2002 Annual

Wednesday, 16 January 2002
Measurement of Hydroperoxides during the Texas 2000 Air Quality Study
Jun Zheng, State University of New York, Stony Brook, NY; and A. Alaouie, J. Weinstein-Lloyd, S. R. Springston, L. J. Nunnermacker, Y. N. Lee, F. Brechtel, L. Kleinman, and P. H. Daum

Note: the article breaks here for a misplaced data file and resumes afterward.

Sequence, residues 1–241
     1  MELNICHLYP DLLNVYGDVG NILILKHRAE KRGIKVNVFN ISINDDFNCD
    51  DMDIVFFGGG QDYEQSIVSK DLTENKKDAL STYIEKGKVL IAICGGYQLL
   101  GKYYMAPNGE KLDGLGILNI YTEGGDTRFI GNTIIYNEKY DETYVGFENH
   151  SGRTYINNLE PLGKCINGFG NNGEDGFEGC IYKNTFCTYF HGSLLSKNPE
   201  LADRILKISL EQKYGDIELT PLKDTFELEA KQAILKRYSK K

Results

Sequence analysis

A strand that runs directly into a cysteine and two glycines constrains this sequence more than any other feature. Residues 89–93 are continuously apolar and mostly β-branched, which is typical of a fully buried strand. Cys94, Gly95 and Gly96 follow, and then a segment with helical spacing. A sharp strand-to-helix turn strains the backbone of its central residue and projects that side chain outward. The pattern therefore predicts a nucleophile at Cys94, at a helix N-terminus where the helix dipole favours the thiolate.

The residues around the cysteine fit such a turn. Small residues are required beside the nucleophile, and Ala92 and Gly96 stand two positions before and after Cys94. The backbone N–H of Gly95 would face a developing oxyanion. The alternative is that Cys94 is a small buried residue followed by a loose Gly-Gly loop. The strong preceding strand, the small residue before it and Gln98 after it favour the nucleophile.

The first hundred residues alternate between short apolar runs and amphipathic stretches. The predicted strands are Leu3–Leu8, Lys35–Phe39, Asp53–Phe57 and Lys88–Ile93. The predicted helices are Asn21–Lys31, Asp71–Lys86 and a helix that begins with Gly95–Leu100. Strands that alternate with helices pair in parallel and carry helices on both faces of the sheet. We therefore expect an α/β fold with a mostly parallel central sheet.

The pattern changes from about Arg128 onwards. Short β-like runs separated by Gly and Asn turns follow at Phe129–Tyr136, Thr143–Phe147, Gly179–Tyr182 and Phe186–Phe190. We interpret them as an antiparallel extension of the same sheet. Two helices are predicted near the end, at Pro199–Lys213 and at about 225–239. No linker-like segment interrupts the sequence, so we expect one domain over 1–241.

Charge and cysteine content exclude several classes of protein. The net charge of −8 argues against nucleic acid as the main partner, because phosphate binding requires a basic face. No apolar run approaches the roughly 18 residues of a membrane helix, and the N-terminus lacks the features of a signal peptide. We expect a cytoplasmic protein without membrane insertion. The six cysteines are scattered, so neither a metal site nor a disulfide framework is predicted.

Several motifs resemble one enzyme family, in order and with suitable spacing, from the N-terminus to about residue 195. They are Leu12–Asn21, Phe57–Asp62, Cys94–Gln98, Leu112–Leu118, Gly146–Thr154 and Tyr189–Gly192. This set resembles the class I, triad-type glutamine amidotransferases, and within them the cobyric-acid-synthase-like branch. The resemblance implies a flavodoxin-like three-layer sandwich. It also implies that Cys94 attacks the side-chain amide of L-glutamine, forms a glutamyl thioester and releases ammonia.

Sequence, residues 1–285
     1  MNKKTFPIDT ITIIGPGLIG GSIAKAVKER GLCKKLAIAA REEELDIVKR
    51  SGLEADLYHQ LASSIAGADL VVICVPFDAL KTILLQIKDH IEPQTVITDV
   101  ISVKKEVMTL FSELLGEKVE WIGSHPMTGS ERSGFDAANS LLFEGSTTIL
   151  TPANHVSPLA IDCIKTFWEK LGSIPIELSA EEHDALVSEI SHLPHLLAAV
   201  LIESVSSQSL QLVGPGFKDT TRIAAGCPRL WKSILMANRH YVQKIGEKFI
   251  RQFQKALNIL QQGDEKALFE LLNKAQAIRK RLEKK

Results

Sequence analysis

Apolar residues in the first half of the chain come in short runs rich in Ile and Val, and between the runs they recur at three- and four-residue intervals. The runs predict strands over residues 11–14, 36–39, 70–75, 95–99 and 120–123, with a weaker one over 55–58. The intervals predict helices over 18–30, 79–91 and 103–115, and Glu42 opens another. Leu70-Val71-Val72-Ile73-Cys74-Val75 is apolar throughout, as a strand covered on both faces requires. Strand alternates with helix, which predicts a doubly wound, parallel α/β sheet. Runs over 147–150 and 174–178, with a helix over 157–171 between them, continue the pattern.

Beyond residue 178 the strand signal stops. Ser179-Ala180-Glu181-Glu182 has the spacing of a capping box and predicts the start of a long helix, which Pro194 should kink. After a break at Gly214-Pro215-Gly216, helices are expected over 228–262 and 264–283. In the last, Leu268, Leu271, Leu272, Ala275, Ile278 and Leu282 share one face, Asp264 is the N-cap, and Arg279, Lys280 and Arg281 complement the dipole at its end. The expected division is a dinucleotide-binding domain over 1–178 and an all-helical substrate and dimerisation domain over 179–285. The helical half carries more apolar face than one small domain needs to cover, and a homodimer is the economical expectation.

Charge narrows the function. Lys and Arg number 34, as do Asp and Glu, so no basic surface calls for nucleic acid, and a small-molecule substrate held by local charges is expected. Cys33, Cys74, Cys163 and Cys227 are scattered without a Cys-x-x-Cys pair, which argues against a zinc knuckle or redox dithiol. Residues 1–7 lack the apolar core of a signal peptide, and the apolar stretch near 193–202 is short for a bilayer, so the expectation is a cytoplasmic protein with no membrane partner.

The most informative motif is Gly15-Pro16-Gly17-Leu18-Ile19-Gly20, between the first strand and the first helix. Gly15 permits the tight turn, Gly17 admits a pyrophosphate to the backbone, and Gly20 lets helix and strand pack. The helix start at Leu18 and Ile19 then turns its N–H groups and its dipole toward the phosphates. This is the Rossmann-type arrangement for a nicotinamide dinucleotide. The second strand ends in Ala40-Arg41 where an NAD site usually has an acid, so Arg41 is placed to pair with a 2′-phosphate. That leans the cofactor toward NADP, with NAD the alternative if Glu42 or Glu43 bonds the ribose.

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Hydrogen peroxide (HP), methyl hydroperoxide and hydroxymethyl hydroperoxide were measured by a 3-channel fluorescence analyzer aboard the Department of Energy's Gulfstream aircraft, and at the Williams Tower site in Houston during the late summer of 2000. Flight paths included the highly industrialized ship channel as well as the heavily trafficked downtown area, principally at an altitude of 500 m. Median total hydroperoxide concentration was 5 ppbv above 1 km during morning flights. This abundance, consisting of 54% HP, may be viewed as a regional background. Total peroxide as high as 16 ppbv was recorded in plumes during afternoon flights; median total peroxide increased substantially between morning and afternoon flights (7.1 vs 3.7 ppbv). Peroxide loss was associated with increased sulfate in aerosol particles within power plant plumes, indicating that particle surface deposition contributed to peroxide loss. On August 26 and 29, we observed broad plumes of elevated O3, aerosol particles and NOz. Low-NOx regions within plume were associated with elevated peroxides as well. At the Williams Tower site, total hydroperoxide concentrations reached maximum levels between 4.5 and 8.5 ppbv in the late afternoon. Because of the high abundance and unusual mix of hydrocarbon precursors, the identity and distribution of individual peroxides in this region merits further study.

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